I want to say a thing.
NaNoWriMo isn’t for everyone but that doesn’t make it bad.
Now I could be doing my creative writing lecturers a disservice but I got the distinct impression when I had to meet with them yesterday that NaNo = negative in their eyes. That to them writing lots of words meant nothing, that there was zero benefit in that. That it was beneath them and should be beneath me, not something for ‘serious’ writers.
On one level I can understand their caution as churning out lots of words doesn’t mean someone learns from them BUT in my opinion how can anyone learn without practice? It’s only through the act of doing that someone experiments and finds out what works and what doesn’t.
The biggest bonus to NaNo in my eyes is that it gives people a greater shot at the entire process. Actually finishing something – typing The End – is hard. Looking at a complete draft is different from looking at a partial one, you can see the whole story arc for instance. Then once the first draft is done, there’s the opportunity to start the next part of the process – first stage revision.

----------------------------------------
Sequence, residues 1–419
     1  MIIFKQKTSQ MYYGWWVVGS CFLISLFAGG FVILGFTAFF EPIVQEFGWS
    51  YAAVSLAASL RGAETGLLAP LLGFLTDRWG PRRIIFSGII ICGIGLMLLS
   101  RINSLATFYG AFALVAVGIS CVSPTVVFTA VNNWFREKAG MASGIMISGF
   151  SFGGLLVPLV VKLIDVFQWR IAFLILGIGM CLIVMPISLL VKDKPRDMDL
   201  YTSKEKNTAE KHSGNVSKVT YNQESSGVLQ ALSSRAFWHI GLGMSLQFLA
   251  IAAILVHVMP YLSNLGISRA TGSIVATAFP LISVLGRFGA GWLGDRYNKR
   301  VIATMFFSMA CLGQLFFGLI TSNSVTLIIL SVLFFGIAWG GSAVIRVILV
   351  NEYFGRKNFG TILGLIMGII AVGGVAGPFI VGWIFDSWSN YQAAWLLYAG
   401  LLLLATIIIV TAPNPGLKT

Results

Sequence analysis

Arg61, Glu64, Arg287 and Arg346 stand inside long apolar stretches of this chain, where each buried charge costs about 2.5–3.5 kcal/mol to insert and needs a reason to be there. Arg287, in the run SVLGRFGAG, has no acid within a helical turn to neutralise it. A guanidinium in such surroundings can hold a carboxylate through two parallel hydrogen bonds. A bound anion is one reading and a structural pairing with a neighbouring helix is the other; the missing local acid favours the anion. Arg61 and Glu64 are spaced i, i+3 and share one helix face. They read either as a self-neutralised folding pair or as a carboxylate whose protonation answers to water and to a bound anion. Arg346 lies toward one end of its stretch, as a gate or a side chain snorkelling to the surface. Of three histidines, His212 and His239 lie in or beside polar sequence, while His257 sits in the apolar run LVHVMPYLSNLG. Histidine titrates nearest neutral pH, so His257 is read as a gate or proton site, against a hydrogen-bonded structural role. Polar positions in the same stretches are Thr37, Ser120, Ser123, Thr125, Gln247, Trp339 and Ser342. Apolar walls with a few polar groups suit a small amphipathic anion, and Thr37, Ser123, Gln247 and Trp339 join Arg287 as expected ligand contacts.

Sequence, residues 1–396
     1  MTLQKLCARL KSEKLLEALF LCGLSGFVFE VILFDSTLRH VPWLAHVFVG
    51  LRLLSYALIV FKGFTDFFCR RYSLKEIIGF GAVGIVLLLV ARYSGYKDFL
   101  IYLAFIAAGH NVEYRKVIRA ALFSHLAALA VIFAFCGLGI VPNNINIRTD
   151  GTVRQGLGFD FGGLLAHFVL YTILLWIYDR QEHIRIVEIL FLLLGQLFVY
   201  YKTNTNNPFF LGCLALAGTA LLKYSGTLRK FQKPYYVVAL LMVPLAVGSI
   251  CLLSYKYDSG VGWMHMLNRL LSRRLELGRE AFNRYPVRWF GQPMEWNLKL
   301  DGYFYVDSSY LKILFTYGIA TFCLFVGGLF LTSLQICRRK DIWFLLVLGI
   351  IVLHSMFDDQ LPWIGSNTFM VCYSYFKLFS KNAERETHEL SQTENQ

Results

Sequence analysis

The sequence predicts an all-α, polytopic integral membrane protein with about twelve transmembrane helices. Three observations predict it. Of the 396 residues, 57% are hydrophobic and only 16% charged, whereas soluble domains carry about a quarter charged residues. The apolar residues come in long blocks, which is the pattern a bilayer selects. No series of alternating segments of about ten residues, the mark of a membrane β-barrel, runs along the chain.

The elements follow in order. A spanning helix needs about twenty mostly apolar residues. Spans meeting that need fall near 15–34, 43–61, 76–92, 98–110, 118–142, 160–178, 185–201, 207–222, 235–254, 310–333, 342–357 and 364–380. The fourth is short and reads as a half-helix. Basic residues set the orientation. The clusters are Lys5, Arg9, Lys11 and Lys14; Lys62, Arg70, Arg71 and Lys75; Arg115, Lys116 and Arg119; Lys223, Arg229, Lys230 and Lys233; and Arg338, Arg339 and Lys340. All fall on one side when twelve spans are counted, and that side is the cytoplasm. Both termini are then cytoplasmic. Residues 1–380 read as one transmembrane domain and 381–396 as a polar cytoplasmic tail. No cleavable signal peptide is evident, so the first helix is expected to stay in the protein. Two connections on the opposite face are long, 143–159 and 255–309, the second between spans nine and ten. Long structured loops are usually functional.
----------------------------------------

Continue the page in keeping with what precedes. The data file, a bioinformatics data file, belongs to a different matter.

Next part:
NaNo and writing the words is to quote from Chris Baty to put an end to the “one-day novelist” (aka the I’ll write a novel ‘one day’ person) by making one-day today. It’s a tool. It’s not an end goal. It’s very unlikely that at the end of the month people will have an amazing book – because that takes time. What they do have though is an incredible starting point.
Sorry I don’t know why I’m feeling defensive, especially because I’m failing NaNo epically right now so all my waxing lyrical about how it gets stuff completed is bull in my case. I just do feel defensive of NaNo I guess because in my eyes there is a lot to recommend it. It isn’t a machine which churns out crap. It’s a tool for learning, experimentation and to open up opportunities into other realms of the writing process.
It’s what you make of it.